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Finding out how much acid there is in a solution.

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Finding out how much acid there is in a solution. During the extraction of a metal from its ore sulphur dioxide is often produced. This is converted to sulphuric (VI) acid. I have a sample of this acid, which is thought to have a concentration between 0.05 and 0.15moldm-3 . I have been asked to find an accurate value for its concentration. To obtain this I will use titration. By neutralizing the acid with a base, sodium carbonate, of set concentration, in the presence of an indicator, I will be able to calculate the concentration of the acid. Planning Apparatus: * 100cm� conical flask * 10cm� pipette and filler * Burette * 50cm� beaker * Funnel * Clamp stand * Glass stirring rod * White tile Solutions: * 100cm� acid solution sulphuric (VI) acid * 5.3g solid anhydrous sodium carbonate * Methyl orange indicator Method Add 500cm� distilled water to 5.3g anhydrous sodium carbonate and stir until the solid has completely dissolved. This is now a solution of 0.1moldm-3 sodium carbonate (alkali). Add 50cm� sodium carbonate to the burette using the funnel, then remove the funnel. Fill the conical flask with 10cm� sulphuric acid using the pipette. Add 5 drops of methyl orange indicator. ...read more.


RFM = 2 x 23 + 12 + 3 x 16 = 106 Moles= = 0.0251 moles (3sf) Combined with 250cm� water = 0.25 dm�. Therefore concentration in moldm� = = 0.100moldm� (3sf) Concentration of acid solution: Equation of neutralisation of sulphuric acid with sodium carbonate: Which means that the mole ratio of sulphuric acid : sodium carbonate is 1:1 Amount of sodium carbonate needed to neutralise 25cm� sulphuric acid = 27.7cm� Moles in 27.7cm� of 0.100 moldm� solution = 0.0277 x 0.1 = 0.00277 moles . Ratio : = 1:1 therefore moles = 0.00277 0.00277 moles in 25cm�. Concentration of= = 0.111moldm� (3sf) Conclusion The results obtained from my titration suggest that the concentration of the acid is 0.111moldm�. Whilst this value may not be accurate, it appears to agree with the original statement that the acid 'is thought to have a concentration between 0.05 and 0.15moldm�'. This is strong evidence to suggest that the investigation results are quite satisfactory, as they are in the expected range. The accuracy of the results is discussed in the evaluation. Evaluation There were no anomalous results obtained. As four of the results were the same titre, and all of the accurate titres were within 0.5cm� of the rough titre. ...read more.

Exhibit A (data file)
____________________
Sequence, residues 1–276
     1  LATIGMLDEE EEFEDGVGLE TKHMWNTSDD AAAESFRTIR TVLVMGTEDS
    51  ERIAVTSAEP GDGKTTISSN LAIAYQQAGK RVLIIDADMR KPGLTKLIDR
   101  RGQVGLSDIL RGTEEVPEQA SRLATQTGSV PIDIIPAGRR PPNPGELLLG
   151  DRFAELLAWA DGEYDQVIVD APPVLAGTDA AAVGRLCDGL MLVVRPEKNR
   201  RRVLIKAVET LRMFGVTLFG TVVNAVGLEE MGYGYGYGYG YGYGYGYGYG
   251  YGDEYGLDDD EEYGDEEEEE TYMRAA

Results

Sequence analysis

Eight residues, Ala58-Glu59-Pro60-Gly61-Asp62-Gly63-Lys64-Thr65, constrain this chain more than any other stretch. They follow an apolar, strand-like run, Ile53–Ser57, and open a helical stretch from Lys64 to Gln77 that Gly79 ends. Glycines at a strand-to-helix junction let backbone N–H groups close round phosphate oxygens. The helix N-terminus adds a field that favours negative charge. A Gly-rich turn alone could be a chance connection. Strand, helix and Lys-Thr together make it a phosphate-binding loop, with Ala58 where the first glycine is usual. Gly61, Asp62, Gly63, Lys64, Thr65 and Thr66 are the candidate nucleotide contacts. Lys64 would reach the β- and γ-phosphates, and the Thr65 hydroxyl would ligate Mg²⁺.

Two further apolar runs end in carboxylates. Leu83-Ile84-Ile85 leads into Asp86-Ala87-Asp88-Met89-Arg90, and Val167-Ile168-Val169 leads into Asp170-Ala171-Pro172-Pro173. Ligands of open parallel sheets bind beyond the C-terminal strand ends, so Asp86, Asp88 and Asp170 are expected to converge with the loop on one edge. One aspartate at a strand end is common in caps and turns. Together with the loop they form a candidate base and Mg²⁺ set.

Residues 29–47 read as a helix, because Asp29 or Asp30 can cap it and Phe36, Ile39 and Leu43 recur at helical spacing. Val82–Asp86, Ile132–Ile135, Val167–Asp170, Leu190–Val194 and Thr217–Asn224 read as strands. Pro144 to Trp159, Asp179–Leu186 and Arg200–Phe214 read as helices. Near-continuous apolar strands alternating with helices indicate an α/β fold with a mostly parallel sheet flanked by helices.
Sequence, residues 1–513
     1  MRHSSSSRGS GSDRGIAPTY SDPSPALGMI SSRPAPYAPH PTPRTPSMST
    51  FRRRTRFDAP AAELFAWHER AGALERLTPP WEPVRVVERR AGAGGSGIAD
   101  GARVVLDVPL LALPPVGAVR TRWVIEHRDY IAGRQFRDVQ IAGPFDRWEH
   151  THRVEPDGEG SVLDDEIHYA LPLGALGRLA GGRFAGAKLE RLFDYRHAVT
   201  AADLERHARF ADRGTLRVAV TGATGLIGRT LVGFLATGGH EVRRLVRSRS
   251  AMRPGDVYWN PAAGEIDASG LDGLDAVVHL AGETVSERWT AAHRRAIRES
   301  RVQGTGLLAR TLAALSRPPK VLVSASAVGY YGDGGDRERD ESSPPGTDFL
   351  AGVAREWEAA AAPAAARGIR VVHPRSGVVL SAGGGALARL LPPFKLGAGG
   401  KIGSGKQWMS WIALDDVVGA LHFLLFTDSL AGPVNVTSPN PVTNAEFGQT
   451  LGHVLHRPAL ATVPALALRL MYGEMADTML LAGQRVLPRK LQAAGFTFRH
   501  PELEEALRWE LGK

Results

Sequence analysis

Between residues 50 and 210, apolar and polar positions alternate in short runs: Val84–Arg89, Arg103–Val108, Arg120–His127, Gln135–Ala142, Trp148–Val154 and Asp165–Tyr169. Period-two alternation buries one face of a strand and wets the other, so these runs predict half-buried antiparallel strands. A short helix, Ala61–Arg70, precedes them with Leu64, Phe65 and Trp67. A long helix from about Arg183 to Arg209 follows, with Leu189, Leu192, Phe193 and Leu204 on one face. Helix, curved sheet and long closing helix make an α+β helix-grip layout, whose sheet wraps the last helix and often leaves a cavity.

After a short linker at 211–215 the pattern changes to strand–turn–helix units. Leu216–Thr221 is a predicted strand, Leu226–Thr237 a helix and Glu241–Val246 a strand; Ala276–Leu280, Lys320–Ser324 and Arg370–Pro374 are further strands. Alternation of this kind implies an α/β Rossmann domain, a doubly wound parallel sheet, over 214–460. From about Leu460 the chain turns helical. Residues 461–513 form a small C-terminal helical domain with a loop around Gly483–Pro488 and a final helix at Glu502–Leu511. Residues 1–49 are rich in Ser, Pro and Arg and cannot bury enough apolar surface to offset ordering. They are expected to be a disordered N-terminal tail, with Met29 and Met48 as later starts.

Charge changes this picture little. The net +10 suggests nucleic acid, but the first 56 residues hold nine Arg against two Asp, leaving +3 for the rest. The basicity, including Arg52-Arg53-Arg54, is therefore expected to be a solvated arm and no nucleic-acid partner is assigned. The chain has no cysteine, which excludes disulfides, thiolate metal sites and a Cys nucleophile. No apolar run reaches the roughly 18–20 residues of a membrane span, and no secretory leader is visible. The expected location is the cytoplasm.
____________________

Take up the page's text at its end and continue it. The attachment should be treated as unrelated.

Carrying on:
Proposed improvements to method This investigation could be made more accurate with the use of a pH meter, rather than using a pH indicator to see when neutralisation occurs. This would eliminate the most significant source of error in the investigation (calculated to be around 1.8%). It would indicate more clearly when neutralisation occurs - methyl orange indicator changes colour from red to yellow at around pH 3.5 - 4, but a pH probe would give the exact point of neutralisation. Although this would not make a large difference in terms of titre, as the solution changes very quickly from acid to alkali as it nears neutralisation point, it would make the investigation far more reliable and not subject to individual colour perception. In order to minimise measurement errors, larger quantities of all solutions could be used, although concentrations would remain the same. This would reduce all errors, for example: 250cm� graduated flask. Error = = 0.08% 1dm� graduated flask. Error = =0.02% However, I would only consider this if more complex equipment was not available and a great deal of accuracy was required, as it would be time-consuming and would require some non-standard laboratory equipment. This would not be a worthwhile improvement if a pH probe were available. Results Titration Rough 1 2 3 4 5 Final burette reading Initial burette reading Titre ...read more.

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